When the basics become commoditized, invest in your CX
Innovating the car horn

The Return of the Arcade


For sixty years, arcades were as american as the coca cola and pizza stuck to the knobs, buttons and joysticks. As a child of the nineties, there was nothing as exciting as the heavily greased yet insanely sticky Street Fighter arcade in the corner of our local burger joint. I will never forget my best friend's birthday parties of Whitey Fords (an arcade), or community trips to Space Plex where they had Capcom Versus Marvel, Virtua Fighter and when our parents weren't looking, Mortal Combat.

Over the past fifteen years, increasingly capable home consoles, mobile gaming and the affordability of big screens TVs combined to decimate this market. My seven year old doesn't even know what an arcade is.

This is all about to change. Because the fundamental gaming experience is about to take a giant leap forward. 

Ever since Atari, video gaming has been about learning new fine motor skills to manipulate increasingly graphically accurate experiences. The Wii changed the game by introducing gaming in a truly natural interface. The Wii (and by extension, the Xbox Kinect) brought us halfway towards a natural, immersive experience. We waved our hands and moved our bodies, but we didn't feel any haptic friction or feedback. Without this closed feedback loop, it was hard to cross the line between fiction and reality.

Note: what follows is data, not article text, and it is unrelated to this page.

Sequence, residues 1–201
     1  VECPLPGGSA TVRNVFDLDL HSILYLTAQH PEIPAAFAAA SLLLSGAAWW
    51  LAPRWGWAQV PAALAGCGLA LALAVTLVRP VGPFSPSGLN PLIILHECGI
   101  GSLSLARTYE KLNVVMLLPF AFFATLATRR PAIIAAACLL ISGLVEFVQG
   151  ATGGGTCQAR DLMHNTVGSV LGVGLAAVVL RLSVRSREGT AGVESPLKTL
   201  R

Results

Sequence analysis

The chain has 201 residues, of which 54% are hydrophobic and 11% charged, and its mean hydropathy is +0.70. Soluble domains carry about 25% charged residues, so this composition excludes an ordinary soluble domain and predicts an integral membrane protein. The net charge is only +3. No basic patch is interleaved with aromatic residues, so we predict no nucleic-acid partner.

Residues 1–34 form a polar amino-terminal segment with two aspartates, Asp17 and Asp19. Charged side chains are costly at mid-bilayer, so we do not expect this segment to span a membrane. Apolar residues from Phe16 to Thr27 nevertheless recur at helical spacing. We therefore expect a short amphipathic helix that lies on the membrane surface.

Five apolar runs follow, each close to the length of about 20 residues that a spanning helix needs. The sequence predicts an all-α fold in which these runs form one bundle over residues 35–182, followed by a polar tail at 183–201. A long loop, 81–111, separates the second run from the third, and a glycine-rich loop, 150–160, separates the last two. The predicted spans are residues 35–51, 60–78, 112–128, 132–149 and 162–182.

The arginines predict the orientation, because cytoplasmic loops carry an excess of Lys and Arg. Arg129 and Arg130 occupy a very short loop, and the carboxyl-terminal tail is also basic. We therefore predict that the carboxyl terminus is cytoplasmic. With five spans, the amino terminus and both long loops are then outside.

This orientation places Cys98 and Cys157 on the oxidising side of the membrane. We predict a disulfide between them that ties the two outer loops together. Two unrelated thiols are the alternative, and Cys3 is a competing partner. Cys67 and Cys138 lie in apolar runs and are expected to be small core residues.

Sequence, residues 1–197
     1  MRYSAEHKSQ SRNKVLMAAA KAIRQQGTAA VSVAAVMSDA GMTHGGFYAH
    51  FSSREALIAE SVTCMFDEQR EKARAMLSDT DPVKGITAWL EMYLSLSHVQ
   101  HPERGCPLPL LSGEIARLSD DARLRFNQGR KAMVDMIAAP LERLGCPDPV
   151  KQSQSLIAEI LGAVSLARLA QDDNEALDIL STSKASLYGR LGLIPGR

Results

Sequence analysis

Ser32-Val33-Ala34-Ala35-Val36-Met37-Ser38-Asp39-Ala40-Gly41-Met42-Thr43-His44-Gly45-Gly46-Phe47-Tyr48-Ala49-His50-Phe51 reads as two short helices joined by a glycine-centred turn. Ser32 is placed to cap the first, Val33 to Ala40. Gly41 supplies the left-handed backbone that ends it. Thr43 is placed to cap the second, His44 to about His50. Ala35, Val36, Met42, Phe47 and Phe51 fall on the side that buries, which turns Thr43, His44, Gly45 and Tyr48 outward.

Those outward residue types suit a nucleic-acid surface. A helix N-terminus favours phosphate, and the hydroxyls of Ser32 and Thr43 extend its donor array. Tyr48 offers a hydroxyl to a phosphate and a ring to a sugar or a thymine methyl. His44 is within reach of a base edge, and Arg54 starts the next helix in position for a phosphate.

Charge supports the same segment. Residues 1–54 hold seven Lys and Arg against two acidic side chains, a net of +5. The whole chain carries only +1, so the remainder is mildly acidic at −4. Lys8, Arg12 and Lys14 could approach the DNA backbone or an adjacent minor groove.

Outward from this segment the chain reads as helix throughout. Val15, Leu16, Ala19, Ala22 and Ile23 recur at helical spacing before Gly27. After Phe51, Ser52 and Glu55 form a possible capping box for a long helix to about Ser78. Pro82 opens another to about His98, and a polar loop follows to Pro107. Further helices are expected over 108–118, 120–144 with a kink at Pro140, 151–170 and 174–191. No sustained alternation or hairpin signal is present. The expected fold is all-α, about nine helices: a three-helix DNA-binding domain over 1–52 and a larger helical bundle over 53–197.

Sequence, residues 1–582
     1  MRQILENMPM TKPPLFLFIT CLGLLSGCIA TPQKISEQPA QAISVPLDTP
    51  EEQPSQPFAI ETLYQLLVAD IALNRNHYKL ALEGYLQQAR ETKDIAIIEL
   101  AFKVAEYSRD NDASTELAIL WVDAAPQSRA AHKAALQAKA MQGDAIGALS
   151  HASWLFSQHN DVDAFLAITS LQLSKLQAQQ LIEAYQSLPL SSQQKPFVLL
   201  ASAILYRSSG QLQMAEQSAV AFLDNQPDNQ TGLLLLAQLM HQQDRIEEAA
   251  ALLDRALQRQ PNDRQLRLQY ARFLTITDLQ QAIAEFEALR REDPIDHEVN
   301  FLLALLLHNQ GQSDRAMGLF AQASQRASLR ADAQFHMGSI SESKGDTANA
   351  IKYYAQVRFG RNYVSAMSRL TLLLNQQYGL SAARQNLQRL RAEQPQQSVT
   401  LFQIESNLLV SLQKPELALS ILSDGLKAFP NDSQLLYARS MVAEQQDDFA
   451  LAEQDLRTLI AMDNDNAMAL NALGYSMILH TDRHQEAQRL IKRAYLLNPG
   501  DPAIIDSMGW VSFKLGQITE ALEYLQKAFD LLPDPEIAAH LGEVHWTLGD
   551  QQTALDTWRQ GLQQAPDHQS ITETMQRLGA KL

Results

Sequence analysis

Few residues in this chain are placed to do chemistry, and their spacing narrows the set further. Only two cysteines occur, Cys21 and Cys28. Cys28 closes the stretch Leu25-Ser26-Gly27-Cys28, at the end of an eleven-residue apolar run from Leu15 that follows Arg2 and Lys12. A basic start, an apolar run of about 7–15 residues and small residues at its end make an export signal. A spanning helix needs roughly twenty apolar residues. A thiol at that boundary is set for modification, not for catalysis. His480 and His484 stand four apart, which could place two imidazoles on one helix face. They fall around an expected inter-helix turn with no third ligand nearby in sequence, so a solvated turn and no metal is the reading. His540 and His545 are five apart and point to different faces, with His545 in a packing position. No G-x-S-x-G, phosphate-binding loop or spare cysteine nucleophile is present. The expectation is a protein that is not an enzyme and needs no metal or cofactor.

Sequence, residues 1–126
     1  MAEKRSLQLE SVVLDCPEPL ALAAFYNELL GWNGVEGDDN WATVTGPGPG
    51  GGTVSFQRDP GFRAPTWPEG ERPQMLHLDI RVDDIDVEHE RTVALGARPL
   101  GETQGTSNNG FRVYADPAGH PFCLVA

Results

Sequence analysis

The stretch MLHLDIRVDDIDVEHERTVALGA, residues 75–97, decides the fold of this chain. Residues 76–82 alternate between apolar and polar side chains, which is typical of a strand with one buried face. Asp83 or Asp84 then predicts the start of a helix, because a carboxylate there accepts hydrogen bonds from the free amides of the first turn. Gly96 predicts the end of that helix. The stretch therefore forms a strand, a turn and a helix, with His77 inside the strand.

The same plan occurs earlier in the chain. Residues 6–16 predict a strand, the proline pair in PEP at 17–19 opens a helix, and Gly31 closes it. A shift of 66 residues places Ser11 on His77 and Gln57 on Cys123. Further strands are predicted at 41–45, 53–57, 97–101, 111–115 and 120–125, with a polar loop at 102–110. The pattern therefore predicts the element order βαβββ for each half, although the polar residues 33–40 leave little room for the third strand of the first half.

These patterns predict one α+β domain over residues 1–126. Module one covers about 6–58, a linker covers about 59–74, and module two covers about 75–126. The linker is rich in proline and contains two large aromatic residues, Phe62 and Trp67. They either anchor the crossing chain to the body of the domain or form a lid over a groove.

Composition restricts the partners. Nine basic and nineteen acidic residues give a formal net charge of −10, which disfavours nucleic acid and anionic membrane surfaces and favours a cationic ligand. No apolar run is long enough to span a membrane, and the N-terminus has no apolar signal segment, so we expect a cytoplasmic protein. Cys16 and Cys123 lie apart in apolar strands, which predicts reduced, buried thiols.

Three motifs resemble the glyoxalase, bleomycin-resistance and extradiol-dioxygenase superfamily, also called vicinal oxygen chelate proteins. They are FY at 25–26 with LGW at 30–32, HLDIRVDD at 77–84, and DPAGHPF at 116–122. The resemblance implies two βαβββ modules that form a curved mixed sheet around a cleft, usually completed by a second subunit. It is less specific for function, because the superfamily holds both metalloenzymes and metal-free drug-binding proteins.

Home consoles (and mobile phones) have done an admirable job of bringing us deeper into a flat experience. But it's just that, a flat experience. The cost of setting up an accurate, truly immersive gaming experience would be too steep for most families, and the space required will be too large for most homes (for now). But the experience of a fully immersive, virtual reality environment as an augmentation of our physical space, is intriguing. Consider the video below.

While this experience would likely be too costly for a single family, the economics of the arcade could be a great fit for this experience. The cultural fit of the arcade would reward players and celebrate "watchers" much like the arcades of our youth. Big screen broadcasts for spectators and friends could transform this isolated gaming experience into a return to gaming as the social and societal catalyst it once was.

The arcade of the future may not feature giant boxes and joysticks. In fact, it may look and feel similar to laser tag and conventional sporting events. But I believe the economics, technology and societal factors behind the arcades of yesteryear will return with the rise of immersive VR gaming. It will cost more than a quarter to play. And we will get to be the old people, commenting on how when we were kids, there were these things called "bits" and "pixels".